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VI.

and order, I know not whether any contro. CHAP. versy concerning this affair can remain among the brethren.

V. The V. As to the imputation of Christ's righteous-righteousness in order to justification, I have learned the ness of

Christ itfollowing things from scripture. As our sins self is im

puted to were imputed to him, which we have proved

believers. above, so that very righteousness, or obedience which he performed to the Father in the most perfect holiness of his life, and in his voluntary sufferings, is imputed to us. It is evident, that in scripture, the righteousness of Christ is called our righteousness. Now, it behoved to be ours, either by way of inhesion, by a certain transfusion, whereby the habits of Christ's holiness and righteousness should become the habits of our soul, which transfusion of habits is absurd and impossible; or, by imitation, that we should perform a righteousness conformable unto it: but in that sense the Apostle opposes it to ours, Phil. iii. 9. Or - finally by imputation, so that it is reckoned no less ours, than if it had been performed by us. Since, therefore, the two former ways, whereby the righteousness of Christ might become ours, are entirely contrary to reason, the latter only remains, viz. God imputing unto man righteousness without works, Rom. iv. 6. VI. If I am not mistaken, it is confessed

the sin of by all the orthodox, that the righteousness

Adam to of Christ is so imputed to believers for jus- his posteritification, as Adam's sin is imputed to men for condemnation: now, it is so imputed,

VI. As

ty.

CHAP. that all are said to have sinned in him; so likeVI.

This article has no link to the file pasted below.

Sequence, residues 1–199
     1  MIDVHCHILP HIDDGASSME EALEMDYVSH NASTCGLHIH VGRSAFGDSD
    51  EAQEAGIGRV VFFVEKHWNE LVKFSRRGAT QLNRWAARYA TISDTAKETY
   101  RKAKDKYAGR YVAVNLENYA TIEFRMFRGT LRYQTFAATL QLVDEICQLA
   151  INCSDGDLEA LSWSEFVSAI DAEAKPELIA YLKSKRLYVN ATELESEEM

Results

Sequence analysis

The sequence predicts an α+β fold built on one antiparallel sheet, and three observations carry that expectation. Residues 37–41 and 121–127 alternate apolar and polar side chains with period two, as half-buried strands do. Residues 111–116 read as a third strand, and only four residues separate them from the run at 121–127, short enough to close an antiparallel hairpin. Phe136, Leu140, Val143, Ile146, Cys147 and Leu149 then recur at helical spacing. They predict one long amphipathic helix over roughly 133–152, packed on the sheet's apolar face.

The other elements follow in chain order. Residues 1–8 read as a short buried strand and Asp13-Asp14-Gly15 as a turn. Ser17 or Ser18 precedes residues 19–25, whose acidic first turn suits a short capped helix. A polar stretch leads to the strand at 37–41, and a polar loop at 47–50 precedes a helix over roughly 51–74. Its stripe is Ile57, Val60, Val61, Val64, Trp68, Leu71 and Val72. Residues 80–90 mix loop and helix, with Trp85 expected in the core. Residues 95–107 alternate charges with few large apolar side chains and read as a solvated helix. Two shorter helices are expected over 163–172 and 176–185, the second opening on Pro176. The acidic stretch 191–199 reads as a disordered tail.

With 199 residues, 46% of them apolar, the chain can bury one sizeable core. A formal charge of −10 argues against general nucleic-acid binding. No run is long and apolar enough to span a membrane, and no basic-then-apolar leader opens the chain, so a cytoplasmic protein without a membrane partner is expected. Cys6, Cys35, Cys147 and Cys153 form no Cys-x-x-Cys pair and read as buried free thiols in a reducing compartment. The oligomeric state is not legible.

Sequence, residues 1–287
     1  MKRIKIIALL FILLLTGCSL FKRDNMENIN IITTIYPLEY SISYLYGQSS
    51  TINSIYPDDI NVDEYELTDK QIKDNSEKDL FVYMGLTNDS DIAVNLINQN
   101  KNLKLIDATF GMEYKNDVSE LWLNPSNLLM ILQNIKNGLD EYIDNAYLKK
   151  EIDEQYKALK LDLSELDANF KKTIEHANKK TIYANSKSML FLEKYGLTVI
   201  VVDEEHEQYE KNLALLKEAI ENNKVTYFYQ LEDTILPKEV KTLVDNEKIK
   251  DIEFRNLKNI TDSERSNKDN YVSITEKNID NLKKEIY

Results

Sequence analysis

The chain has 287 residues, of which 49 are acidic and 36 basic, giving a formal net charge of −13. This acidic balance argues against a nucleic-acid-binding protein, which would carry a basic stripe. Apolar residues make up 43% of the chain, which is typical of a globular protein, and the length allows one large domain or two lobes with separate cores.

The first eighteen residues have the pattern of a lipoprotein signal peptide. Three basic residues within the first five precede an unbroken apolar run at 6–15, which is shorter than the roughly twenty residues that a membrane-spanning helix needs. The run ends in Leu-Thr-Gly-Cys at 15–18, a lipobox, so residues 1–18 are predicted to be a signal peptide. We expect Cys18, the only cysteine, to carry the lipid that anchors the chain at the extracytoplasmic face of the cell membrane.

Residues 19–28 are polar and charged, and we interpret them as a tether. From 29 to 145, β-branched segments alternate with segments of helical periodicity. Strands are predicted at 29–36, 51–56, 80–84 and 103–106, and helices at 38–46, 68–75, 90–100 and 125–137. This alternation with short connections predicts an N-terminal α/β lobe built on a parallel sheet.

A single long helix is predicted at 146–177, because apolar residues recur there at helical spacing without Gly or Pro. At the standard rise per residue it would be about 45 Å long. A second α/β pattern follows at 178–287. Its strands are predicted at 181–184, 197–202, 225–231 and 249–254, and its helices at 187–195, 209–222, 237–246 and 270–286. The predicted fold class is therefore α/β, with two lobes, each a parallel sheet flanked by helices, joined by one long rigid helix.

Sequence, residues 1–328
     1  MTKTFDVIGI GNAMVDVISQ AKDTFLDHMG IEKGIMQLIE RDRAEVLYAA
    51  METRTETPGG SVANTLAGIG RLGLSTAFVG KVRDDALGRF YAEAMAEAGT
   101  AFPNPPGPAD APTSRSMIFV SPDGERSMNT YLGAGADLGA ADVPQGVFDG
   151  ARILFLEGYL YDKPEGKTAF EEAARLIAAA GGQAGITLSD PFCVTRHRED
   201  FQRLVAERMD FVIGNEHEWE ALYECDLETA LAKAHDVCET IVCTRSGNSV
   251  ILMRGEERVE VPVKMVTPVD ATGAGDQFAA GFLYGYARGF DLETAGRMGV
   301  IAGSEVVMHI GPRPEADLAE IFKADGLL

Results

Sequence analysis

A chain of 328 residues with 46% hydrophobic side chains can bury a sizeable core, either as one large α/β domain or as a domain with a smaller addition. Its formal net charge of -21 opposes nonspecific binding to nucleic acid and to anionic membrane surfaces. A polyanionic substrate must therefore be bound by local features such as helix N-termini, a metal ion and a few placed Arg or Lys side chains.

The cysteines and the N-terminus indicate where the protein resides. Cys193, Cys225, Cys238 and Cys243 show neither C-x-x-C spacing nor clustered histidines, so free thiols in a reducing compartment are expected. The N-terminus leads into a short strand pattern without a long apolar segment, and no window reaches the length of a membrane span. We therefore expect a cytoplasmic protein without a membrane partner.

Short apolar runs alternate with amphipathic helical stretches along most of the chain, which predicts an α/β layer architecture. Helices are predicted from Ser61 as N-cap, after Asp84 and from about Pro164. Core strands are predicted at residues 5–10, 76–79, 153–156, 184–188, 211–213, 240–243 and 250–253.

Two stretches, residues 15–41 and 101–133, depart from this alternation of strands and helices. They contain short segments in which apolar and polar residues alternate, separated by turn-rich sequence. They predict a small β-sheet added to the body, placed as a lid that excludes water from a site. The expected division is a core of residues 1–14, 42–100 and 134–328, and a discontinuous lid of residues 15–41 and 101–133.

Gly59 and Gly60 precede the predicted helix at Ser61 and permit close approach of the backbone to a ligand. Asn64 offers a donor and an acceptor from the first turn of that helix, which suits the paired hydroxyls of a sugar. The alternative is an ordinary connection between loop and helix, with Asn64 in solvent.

wise we are said to be not only righteousness, but also pure righteousness; not only righteousness, but even TNE RIGHTEOUSNESS OF

God in Christ. VII. Al VII. Further, the righteousness of Christ So the holiness of consists, partly in the most perfect holiness Christ is

of his life, partly in his sufferings and death. imputed.

Now, the whole righteousness of Christ must be ours, if it be in our stead, in order to justification. Therefore also the holiness of Christ is ours; in regard that perfect holiness is required in order to a title unto happiness. In Christ therefore we are. righteous and holy, not by our own personal or inherent righteousness and holiness, but by that which is his, and becomes ours by imput

ation. [10.] VIII. It

VIII. Moreover, since the righteousness may be said in a

and holiness of Christ are absolutely perfect, soundsense,

and the same made ours, in respect whereof that be. lievers are it is not improperly said, that we are perfectperfectly Righters ly righteous and holy in Christ, why may and holy in it not be added, no less than Christ himChrist.

self? Although the honour of performing perfect holiness agrees to Christ only, not at all to us, who by nature are miserable sinners, and who only by the assistance of grace, aspire to perfection, at a great distance.

IX. Those things which belong to justifbecause

cation must be carefully separated from such

IX.

Note (10.)

VI.

by the

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as are proper to sanctification. If any man CHAP.
should boast that he had made such advances
in the study of virtue and sanctity, that he

they are had reached its very summit, no less than righteous Christ himself, he would be justly accused

righteousby all, not only of lying, and intolerable arro-ness of